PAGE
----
Australian live export industry launches virtual tours to showcase animal welfare improvements

Headshot of Adam Poulsen
Adam PoulsenCountryman
The Livestock Collective managing director Dr Holly Ludeman.
Camera IconThe Livestock Collective managing director Dr Holly Ludeman. Credit: Daniel Wilkins/The West Australian

The live export industry is inviting average Australians to take a virtual tour of a livestock carrier in a bid to improve public perception and highlight recent improvements to animal welfare.

The new virtual tour will give the general public a behind the scenes look on board vessels, with the opportunity to view sheep and cattle holding pens via 360 degree videos.

It also includes access to other parts of the ships, with links to videos and resources that show what is involved in the preparation and management of livestock consignments.

Developed by research body LiveCorp and not-for-profit organisation The Livestock Collective, the initiative was a response to industry surveys that showed many Australians had questions about conditions on ships.

“Our research into community sentiment about livestock exports tells us that people recognise the contribution of the trade to the economy and its importance to people’s diets in other countries,” LiveCorp chief executive Wayne Collier said.

LiveCorp chief executive Wayne Collier.
Camera IconLiveCorp chief executive Wayne Collier. Credit: Supplied/LiveCorp

“However, they’re also concerned about animal welfare, including what happens during sea voyages.

“This website sheds more light on the management of the livestock, and will hopefully provide some answers.”

The Livestock Collective managing director Holly Ludeman said the virtual tour would allow people from around the world to see conditions on livestock ships for themselves.

“One of the most rewarding projects when The Livestock Collective started was to organise tours on livestock ships for farmers, politicians and media,” she said.

“It provided an opportunity to get a feel for how the sheep and cattle are housed, fed and watered, and ask any questions of people who work on the ships and within the supply chain.”

With COVID having put a stop to physical tours, Dr Ludeman — an accomplished agricultural scientist and veterinarian — said a virtual tour was the closest thing to being on a ship.

The Livestock Collective managing director Holly Ludeman.
Camera IconThe Livestock Collective managing director Holly Ludeman. Credit: Josh Fernandes/Supplied

“It also allows us to reach a much greater audience,” she said.

“We look forward to continually updating the website and adding new footage.”

The live export industry has taken a beating in the court of public opinion in recent years, with activist groups ramping up campaigns to ban the practice outright.

Its reputation took a further hit after the Awassi Express disaster of August 2017, when 2400 sheep died of heat stress on a voyage from Fremantle to the Middle East.

The incident prompted industry peak body the Australian Livestock Exporters’ Council to instigate a voluntary moratorium prohibiting live sheep exports by sea from Australia to the Middle East during the northern-hemisphere summer.

Since then, the industry has made “considerable gains in animal welfare”, according to the Australian Bureau of Agricultural and Resource Economics.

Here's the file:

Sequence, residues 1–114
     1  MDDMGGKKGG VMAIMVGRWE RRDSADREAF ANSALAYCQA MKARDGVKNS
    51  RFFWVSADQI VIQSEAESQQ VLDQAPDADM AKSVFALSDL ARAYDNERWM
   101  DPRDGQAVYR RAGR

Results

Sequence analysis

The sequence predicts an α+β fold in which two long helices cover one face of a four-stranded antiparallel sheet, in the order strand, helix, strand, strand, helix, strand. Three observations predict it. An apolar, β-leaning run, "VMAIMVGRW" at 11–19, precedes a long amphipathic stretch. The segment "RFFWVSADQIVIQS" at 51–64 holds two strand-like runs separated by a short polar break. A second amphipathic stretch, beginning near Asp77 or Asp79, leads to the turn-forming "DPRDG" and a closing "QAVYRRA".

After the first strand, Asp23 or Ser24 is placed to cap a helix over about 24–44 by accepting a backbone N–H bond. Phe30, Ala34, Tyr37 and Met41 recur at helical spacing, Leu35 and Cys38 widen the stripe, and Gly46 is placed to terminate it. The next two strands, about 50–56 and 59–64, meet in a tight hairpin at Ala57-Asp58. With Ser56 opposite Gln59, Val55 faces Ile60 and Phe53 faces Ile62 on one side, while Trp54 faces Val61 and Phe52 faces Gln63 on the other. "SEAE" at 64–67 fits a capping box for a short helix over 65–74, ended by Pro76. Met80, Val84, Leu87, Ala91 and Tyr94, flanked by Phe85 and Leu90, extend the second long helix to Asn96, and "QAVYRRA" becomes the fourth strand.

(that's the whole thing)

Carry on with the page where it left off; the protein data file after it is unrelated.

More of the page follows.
Sheep aboard the Al Messilah livestock carrier during a media tour at Fremantle Port.
Camera IconSheep aboard the Al Messilah livestock carrier during a media tour at Fremantle Port. Credit: Cally Dupe/Countryman

Stocking densities have been reduced and stricter regulations imposed on the monitoring and controlling of climatic conditions on vessels, among other measures.

It has led to a nearly 80 per cent reduction in mortality rates, down from 0.8 per cent in 2016 (one death per 125 sheep loaded) to about 0.2 per cent last year (one death per 500 sheep loaded).

“Historically, the highest monthly mortality rates occurred during voyages departing Australia between June to September,” ABARES stated in its recent March quarter outlook.

“As a result of the Northern Hemisphere summer prohibition, mortality rates fell to zero in June, July, and August 2021.

“These regulations could renew public confidence in the live sheep industry, which would in turn provide live sheep exporters with greater certainty to grow their businesses.

“Renewed confidence in the industry would also benefit farmers in Western Australia, where most live sheep are exported.”

Sheep are loaded aboard the Al Messilah livestock carrier at Fremantle Port.
Camera IconSheep are loaded aboard the Al Messilah livestock carrier at Fremantle Port. Credit: Cally Dupe/Countryman

In the 2021-21 financial year, WA accounted for more than 90 per cent of Australia’s live sheep exports.

Australia’s live cattle export industry — which is dominated by the Northern Territory, WA and Queensland — has been under increased scrutiny since 2011, when ABC’s Four Corners broadcast footage of Australian cattle subject to cruelty in Indonesian abattoirs.

The Federal Government responded by implementing the Australian Standards for the Export of Livestock — a strict and complex set of rules to ensure Australian animals exported for slaughter were subject to standards and practices acceptable to the Australian public.

A Federal review of ESCAS last year found it had been a “successful reform” that had “largely achieved its objectives”.

Visit The Livestock Collective website to take a virtual tour.

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